Ramirez said Thursday evening that Fitzgerald had warned him earlier in the night that he planned to confront Harrison. Ramirez said he asked the chief not to do so at the prestigious event where two Fort Worth officers were to be honored.

Ramirez said he was later trying to usher people onto the stage for a photograph when he saw Fitzgerald moving quickly toward Harrison with his eyes fixated on the man.

“I placed myself in his path because I know there’s going to be a confrontation given what he told me earlier in the evening,” Ramirez said. “I didn’t know what was going to happen. I thought it better to prevent any type of contact.”

Ramirez said when he blocked Fitzgerald, he hollered “Todd!” and said, ‘I’m going to talk to you now or I’m going to talk to you in the courtroom.’”

“He kept loudly repeating, ‘You messed up! You messed up!” Ramirez added.

Ramirez estimated there were about 40 people on the stage and 300 people still inside the ballroom when the confrontation occurred.

He said the chief’s actions were inappropriate at a time and venue when the focus should been on honoring Matt Putnam and David Jwanowski — Fort Worth officers who received the National Top Cops Award from the National Association of Police Organizations. The officers had been involved in the take-down of suspected robbers on the night Cpl. Garrett Hull was shot and fatally wounded.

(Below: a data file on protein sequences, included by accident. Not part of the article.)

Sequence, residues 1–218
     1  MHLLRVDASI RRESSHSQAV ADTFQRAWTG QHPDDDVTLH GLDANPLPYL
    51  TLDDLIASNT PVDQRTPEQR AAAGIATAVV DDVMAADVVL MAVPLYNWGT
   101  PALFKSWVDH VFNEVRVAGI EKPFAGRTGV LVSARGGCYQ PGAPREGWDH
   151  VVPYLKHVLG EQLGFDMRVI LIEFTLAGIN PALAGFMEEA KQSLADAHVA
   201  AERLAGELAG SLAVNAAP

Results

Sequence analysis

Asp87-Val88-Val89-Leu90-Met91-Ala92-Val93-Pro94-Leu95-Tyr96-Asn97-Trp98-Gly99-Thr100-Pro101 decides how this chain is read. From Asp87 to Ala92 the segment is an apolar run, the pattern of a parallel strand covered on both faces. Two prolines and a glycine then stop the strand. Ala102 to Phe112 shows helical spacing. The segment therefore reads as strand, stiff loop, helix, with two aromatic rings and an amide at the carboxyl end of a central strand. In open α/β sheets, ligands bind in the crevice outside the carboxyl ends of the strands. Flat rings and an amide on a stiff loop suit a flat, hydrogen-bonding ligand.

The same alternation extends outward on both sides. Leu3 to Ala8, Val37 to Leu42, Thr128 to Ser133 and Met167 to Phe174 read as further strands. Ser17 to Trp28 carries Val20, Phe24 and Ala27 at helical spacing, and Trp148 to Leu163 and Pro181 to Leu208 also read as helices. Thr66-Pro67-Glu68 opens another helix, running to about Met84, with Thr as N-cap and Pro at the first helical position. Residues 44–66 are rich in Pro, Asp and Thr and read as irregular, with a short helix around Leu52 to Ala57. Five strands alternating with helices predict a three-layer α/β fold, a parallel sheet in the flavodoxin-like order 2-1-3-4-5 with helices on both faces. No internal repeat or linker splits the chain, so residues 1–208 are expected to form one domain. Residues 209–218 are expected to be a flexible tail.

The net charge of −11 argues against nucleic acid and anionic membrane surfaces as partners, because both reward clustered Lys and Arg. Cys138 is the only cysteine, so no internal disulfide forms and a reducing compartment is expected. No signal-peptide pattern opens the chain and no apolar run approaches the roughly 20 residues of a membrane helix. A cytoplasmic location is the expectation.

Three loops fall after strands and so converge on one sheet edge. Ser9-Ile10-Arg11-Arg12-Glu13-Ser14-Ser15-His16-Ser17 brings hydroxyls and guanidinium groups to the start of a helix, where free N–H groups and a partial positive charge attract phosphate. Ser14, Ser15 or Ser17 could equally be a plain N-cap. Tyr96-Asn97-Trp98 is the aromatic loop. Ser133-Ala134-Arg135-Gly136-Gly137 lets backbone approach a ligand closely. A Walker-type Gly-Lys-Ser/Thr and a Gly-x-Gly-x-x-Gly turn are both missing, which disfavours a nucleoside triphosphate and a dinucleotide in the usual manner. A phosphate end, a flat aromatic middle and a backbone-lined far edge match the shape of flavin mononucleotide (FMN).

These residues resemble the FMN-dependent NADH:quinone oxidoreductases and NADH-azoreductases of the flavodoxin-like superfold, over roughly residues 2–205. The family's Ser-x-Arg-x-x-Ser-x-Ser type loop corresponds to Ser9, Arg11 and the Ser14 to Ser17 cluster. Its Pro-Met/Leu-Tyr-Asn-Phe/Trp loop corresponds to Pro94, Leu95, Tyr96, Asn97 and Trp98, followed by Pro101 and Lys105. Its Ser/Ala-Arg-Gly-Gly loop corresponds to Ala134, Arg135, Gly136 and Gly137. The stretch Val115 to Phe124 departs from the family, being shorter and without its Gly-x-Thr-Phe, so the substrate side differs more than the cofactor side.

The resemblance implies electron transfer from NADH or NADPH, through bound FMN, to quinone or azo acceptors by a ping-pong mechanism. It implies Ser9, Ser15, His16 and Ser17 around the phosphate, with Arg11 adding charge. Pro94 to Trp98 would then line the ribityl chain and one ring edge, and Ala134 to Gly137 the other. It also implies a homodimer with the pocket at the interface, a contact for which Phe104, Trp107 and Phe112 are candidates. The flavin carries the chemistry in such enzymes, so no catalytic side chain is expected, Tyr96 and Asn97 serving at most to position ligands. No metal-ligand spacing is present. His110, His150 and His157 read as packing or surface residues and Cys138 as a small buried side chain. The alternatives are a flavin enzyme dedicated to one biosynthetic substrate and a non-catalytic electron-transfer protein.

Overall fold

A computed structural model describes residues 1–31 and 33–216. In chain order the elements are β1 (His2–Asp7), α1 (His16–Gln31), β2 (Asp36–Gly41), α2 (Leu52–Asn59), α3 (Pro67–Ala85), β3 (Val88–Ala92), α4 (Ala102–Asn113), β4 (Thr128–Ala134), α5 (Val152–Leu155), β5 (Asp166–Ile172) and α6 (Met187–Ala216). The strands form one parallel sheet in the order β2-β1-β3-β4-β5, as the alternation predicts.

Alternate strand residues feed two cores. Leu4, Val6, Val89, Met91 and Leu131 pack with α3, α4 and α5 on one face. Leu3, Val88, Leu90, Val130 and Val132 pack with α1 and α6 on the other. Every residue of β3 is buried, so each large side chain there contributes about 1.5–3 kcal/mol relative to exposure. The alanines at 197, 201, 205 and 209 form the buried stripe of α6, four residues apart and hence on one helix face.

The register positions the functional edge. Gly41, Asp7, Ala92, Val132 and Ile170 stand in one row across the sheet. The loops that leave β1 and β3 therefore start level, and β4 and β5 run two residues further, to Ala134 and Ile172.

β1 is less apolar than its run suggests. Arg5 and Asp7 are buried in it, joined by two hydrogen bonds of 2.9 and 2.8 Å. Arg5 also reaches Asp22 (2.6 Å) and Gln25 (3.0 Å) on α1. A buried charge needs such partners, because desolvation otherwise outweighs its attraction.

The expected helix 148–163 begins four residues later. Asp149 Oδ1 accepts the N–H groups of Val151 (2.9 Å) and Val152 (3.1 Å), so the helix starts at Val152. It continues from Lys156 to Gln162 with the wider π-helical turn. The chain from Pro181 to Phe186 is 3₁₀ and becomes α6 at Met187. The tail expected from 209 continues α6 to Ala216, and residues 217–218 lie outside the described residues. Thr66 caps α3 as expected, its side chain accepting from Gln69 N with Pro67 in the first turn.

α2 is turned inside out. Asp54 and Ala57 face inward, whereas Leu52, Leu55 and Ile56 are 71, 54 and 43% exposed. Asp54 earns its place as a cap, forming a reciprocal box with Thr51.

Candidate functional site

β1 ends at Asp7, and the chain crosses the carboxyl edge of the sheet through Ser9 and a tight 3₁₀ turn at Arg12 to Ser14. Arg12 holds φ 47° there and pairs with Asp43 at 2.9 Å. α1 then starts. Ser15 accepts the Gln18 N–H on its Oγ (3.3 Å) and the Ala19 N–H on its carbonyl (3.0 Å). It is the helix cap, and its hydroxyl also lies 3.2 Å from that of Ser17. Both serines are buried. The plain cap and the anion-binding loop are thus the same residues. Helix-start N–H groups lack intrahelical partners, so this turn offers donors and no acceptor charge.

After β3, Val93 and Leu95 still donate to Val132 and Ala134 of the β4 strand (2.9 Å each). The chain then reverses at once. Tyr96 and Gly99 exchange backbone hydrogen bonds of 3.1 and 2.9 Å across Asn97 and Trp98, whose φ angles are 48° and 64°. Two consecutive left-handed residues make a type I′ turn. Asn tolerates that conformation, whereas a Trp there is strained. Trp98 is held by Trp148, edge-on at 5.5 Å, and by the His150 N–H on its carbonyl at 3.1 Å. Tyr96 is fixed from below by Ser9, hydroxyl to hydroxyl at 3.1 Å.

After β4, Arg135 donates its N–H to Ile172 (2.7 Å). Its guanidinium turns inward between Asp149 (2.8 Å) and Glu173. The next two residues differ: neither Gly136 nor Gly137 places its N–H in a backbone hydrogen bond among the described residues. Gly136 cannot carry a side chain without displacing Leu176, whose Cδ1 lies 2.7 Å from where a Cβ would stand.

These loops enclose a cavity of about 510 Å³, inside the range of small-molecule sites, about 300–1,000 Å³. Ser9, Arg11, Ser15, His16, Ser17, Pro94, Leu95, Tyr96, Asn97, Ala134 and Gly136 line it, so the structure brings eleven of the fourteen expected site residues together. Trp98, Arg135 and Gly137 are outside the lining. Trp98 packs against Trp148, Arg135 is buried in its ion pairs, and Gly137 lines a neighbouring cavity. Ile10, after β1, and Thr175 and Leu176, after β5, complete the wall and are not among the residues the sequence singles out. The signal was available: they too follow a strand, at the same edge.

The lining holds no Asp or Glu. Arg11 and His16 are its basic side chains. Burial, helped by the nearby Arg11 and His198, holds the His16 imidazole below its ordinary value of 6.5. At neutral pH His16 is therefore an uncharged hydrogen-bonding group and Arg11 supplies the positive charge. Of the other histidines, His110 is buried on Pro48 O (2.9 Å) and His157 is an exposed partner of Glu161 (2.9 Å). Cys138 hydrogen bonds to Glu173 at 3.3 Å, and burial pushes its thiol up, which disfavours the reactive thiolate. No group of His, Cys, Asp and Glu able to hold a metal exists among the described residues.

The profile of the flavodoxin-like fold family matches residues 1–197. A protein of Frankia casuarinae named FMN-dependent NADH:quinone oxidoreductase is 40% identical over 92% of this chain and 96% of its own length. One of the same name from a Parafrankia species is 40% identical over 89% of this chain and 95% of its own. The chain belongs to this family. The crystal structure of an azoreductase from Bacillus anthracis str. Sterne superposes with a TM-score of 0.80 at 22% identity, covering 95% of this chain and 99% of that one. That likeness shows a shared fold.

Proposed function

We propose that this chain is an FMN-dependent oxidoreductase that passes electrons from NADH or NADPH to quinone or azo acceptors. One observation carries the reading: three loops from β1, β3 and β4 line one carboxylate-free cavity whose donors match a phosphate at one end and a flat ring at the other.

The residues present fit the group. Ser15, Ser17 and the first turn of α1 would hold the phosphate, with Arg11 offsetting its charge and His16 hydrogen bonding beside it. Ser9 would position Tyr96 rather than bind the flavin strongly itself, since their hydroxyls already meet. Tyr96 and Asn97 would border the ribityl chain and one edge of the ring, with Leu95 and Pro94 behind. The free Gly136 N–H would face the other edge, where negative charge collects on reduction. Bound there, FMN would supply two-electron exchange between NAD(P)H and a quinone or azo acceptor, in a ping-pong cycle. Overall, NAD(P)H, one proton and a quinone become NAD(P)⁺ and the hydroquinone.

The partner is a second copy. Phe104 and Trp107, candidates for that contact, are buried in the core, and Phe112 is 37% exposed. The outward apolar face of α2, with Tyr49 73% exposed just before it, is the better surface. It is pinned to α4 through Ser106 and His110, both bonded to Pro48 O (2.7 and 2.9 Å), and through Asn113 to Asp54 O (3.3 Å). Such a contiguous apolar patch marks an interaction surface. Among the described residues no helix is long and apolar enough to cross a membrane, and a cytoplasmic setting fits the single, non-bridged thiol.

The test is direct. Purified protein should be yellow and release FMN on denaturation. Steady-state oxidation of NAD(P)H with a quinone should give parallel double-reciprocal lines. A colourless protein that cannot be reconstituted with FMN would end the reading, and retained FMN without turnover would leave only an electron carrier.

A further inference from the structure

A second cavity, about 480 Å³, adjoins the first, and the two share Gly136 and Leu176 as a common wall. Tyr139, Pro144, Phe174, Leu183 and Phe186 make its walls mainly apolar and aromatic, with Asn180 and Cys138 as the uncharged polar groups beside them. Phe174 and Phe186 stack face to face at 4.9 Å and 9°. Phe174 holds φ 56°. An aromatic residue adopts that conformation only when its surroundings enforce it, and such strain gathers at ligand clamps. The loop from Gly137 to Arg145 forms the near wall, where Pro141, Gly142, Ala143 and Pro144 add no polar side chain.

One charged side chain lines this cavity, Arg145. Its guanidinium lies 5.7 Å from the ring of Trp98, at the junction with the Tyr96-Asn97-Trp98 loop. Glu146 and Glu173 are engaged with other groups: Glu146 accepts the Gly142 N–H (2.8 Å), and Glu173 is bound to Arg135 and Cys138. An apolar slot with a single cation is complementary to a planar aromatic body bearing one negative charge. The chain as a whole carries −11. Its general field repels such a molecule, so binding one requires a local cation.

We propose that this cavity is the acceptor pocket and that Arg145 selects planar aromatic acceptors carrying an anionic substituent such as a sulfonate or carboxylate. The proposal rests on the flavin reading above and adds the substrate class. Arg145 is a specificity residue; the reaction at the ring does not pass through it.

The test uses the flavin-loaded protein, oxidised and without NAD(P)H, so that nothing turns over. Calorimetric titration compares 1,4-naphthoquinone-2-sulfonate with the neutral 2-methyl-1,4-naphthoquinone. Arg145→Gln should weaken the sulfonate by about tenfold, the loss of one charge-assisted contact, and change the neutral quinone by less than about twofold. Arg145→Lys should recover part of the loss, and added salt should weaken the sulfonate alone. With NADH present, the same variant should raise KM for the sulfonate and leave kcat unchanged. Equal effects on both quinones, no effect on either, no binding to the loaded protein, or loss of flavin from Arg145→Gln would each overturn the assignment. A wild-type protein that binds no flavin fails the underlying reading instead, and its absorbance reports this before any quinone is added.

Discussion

Hull’s widow, Sabrina Hull, was among those present when the confrontation took place.

“I’ve been contacted by law enforcement leaders from around the country that were in attendance that expressed their concerns with our chief’s behavior and his outburst,” Ramirez said. “Everybody that was on that stage, every Fort Worth officer that was on stage, was shocked and embarrassed by what happened.”

Mayor Betsy Price was not at the event but said in an emailed statement Thursday: “I have been made aware of the situation by numerous witnesses.

“I have asked (City Manager) David Cooke and (Assistant City Manager) Jay Chapa to get to the bottom of this. We hold all our officers, including our chief, to a very high standard. There should be no exceptions.”

The state union had announced last week that it was suspending Fitzgerald’s membership. In the release, posted on Twitter and Facebook, Harrison accused Fitzgerald of joining online in an attempt to bypass the union’s requirement that members also belong to the local union.